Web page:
A Refractometer that every beekeeper can afford. Beekeepers are analytical by nature and we all need to know the moisture content of our honey. It only takes a drop of honey to put on the lens. You hold it in full sun and easily determine the moisture of your honey. Full, easy to understand instructions come with it. We have tested this unit side by side with the expensive models and they perform exactly the same. This is not a plastic tool; rather it is constructed from steel and will last a lifetime.
Why Use A Honey Refractometer?
Honey refractometers are used by beekeepers and honey packers to measure the moisture content of honey. Technically, refractometers measure the refractive index of a substance.
Explanation: Light travels at different speeds through different materials. The refractive index is just a comparison between two numbers: the speed of light through a vacuum and the speed of light through the material you are testing—in this case honey.
Light also changes direction after it passes through different materials. If you measure the difference between the angle of incidence (light coming in) and the angle of refraction (light coming out) of a substance you can use this number to determine the refractive index. This is how a refractometer actually works.
Explanation: If you look at a straw in a glass of water you will see it looks distorted. This is because light moves faster through just the glass than it does through the glass and the water combined. Likewise, light will move faster through honey that has few solids than it will move through honey that has many solids. In other words, the refractive index of honey will change based on the amount of solids (sugars and other substances) in it.
Refractometers also make corrections based on temperature, because the refractive index will change slightly as the temperature changes.
Now, to make this all the more perplexing, the amount of solids in a liquid is measured on a scale called the Brix scale.
Explanation: Brix is a scary sounding name for a simple kind of scale. Each degree of Brix equals 1 percent sugar. So, grape juice with a Brix of 18 is 18 percent sugar. The Brix of honey can be from about 70 to 88.
Now here is where confusion sets in. While most refractometers give a reading in Brix (solids in water),honey refractometers give readings of water in honey. This is (kind of) the opposite of Brix.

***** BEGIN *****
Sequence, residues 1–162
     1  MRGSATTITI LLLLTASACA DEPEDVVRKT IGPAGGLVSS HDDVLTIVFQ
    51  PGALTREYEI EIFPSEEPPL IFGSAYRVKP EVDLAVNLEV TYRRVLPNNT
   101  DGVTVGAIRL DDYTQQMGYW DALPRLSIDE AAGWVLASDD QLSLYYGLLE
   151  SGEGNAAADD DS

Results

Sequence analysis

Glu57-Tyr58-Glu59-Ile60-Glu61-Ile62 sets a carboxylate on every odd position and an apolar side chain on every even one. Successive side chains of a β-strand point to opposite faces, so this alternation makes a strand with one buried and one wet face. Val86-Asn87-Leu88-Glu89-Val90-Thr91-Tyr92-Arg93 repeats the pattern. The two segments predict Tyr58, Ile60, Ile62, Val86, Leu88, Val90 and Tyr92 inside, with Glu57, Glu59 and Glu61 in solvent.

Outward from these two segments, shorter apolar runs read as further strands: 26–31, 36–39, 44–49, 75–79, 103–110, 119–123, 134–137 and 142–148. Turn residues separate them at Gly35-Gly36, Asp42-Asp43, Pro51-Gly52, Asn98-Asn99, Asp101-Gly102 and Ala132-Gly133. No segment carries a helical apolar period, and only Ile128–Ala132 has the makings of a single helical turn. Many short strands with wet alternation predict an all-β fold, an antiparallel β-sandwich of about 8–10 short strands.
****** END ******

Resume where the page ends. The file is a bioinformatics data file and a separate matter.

Explanation: This type of reading is used in honey refractometers so beekeepers don’t have to subtract the Brix reading from 100 to get the moisture level. It’s just a convenience. However, it can get really confusing when a beekeeper uses a refractometer designed for another purpose—such as brewing. Not only are these designed to be most accurate in other ranges, the readings are in Brix—not 100 minus Brix. It it best to use a refractometer designed for your specific purpose.
Once you understand how a honey refractometer works, it is simple to use. There are many variations in design, but these are the basic steps:
- Calibrate the device with distilled or deionized water
- Put a drop of honey on the prism
- Close the trap door that flattens the specimen
- Focus the eyepiece
- Read the scale
Two things are especially important for getting accurate results:
- Make sure the container of honey from which your sample comes is well-mixed
- Take multiple readings, and average the readings
Explanation: Honey is a variable product which differs from hive to hive, even from cell to cell. And honey that sits for a while will have a different moisture content at the surface than at the bottom. So before testing, always make sure the honey is thoroughly combined.
Human error also plays a part. Sometimes a reading goes awry for no apparent reason and sometimes the scales are just misread or misunderstood. To be on the safe side, multiple readings are always a good idea.
One last thing: read the directions. All these devices come with detailed instructions which should be followed to the letter.